So we’ve been experimenting with extended reality (XR) technology for disaster management and media planning for roughly a year now. We’ve been discussing use cases, building mock-ups, and creating prototype applications. A key question we’ve been coming back to again and again is this one:

Which kind of XR should we use for which scenario?

While there is no ultimate answer (yet), the following table already provides a lot of guidance – and might be useful for other projects as well (which is why we’re sharing it):

Augmented Reality (AR)Mixed Reality
Virtual Reality
What does it do?Adds (layers of) information on top of the real world.Does everything that AR does.

Allows for (more or less elaborate) interaction with objects anchored in the real world.
Replaces the real world with (a more or less elaborate) virtual one.
ProsLightweight and relatively easy to create.

Can almost always be used in the field.

Already available to a large number of users.
Allows for a gradual shift from AR to VR.

Can theoretically be used in the field (at some point).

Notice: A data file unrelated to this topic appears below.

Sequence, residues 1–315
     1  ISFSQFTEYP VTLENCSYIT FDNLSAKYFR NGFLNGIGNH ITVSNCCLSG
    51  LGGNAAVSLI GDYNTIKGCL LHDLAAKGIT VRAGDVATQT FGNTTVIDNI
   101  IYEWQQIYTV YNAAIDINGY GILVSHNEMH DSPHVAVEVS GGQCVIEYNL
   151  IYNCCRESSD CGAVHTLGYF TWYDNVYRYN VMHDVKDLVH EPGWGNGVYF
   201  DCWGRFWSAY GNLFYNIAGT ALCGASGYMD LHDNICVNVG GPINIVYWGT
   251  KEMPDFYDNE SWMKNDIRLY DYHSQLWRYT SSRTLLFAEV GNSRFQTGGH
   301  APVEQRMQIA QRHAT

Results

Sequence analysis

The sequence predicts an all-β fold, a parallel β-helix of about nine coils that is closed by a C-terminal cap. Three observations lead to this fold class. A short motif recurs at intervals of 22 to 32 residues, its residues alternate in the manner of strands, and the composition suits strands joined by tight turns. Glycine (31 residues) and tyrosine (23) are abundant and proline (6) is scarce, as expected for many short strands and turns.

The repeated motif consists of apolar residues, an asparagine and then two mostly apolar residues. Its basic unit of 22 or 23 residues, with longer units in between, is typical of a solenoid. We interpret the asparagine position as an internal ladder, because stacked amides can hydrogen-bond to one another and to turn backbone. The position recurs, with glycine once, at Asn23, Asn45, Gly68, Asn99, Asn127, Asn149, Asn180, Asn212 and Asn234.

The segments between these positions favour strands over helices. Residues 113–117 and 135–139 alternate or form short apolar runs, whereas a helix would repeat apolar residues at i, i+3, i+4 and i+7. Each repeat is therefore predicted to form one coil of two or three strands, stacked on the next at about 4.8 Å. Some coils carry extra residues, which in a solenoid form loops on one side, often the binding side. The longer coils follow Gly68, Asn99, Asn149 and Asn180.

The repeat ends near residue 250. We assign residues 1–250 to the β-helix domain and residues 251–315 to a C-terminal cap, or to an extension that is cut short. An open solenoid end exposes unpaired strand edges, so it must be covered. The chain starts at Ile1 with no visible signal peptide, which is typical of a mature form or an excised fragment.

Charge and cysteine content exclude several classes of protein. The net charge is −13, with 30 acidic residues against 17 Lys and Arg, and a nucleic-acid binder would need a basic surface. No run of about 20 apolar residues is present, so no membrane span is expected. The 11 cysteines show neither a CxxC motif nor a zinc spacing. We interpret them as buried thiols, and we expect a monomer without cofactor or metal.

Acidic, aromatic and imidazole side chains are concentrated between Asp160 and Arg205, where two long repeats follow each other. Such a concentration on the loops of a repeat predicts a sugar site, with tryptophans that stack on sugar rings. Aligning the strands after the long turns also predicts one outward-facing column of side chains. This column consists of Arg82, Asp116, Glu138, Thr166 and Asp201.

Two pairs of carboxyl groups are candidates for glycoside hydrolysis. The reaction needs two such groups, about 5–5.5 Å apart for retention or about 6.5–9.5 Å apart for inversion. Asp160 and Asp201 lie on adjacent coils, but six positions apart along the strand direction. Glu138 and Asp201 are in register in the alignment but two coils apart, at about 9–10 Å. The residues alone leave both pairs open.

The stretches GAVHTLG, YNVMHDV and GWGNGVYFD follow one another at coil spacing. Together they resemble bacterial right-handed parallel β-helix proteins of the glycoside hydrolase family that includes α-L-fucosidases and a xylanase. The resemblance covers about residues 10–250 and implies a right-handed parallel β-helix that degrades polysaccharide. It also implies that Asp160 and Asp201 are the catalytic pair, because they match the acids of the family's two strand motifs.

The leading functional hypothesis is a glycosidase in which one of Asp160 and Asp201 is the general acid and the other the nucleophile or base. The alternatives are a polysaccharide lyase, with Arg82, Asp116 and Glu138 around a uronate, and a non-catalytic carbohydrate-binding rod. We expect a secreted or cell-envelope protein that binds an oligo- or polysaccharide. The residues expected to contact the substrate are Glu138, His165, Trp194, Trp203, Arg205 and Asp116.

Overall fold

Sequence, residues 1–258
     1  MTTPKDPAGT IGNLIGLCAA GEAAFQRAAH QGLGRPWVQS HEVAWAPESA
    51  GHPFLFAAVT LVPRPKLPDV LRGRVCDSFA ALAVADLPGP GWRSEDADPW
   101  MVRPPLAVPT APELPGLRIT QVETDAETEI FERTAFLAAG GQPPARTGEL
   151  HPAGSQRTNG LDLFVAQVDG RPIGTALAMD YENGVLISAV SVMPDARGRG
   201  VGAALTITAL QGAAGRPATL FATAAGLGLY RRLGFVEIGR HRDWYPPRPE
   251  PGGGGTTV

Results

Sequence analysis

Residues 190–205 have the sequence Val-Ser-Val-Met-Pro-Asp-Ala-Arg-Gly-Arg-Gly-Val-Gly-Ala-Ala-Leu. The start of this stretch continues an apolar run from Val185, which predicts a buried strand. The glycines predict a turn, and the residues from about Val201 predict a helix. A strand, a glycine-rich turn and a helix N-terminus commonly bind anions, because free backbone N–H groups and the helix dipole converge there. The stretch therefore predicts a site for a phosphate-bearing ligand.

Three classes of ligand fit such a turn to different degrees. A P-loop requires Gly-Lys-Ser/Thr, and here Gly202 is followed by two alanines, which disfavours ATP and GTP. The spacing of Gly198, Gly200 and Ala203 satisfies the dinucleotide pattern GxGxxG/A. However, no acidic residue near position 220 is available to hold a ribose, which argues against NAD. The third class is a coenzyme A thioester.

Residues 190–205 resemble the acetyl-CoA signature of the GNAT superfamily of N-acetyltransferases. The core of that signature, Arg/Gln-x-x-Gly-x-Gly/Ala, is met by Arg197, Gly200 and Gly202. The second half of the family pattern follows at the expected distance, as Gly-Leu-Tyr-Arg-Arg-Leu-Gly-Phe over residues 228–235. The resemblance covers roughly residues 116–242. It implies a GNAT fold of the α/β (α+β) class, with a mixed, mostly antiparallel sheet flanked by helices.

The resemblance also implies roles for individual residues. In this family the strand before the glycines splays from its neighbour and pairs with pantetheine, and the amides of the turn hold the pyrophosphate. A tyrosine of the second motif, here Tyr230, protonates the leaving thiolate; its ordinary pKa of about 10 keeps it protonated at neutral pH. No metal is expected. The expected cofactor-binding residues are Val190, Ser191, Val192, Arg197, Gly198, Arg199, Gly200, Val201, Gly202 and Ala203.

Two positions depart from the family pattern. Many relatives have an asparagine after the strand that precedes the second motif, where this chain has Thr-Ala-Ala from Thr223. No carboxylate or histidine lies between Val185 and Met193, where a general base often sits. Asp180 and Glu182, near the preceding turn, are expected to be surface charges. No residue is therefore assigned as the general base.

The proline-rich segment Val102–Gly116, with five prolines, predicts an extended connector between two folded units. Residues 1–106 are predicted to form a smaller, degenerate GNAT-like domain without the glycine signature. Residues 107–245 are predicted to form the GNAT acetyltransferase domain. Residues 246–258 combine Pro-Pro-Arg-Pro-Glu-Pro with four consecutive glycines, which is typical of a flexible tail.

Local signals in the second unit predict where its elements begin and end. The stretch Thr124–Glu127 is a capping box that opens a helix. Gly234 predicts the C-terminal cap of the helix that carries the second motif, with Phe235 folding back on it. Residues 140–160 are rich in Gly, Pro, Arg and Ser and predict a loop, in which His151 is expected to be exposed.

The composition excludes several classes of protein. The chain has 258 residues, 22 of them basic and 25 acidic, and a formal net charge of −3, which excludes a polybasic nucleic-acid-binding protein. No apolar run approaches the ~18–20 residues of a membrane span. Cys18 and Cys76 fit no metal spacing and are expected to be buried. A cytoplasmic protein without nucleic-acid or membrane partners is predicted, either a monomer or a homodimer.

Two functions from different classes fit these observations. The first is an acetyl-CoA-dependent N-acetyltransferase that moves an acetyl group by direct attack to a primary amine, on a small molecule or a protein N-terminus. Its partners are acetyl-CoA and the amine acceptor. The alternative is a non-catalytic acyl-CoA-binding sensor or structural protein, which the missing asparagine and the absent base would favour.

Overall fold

Arguably the most versatile and sustainable XR technology.
Enables full immersion and zero distraction.

Sophisticated simulations can create a great level of detail and authenticity while keeping users safe from real-world harm.
ConsLimited extra information.

Limited immersion.
Calls for a lot of computing power.

Devices are still very expensive.
Use is limited to a control room / office environment
HardwareAR-ready smartphone or tabletMR headset (e.g. Microsoft Hololens)VR headset (e.g. Meta Quest, HTC Vive)

A key insight distilled from the that table would be:

AR is great for quick wins and simple, no-frills solutions. VR will probably always be great for training and planning from the sidelines. And MR is the future of situation awareness, even though the tech still seems a bit pricey and clunky at present.

Photo by James Yarema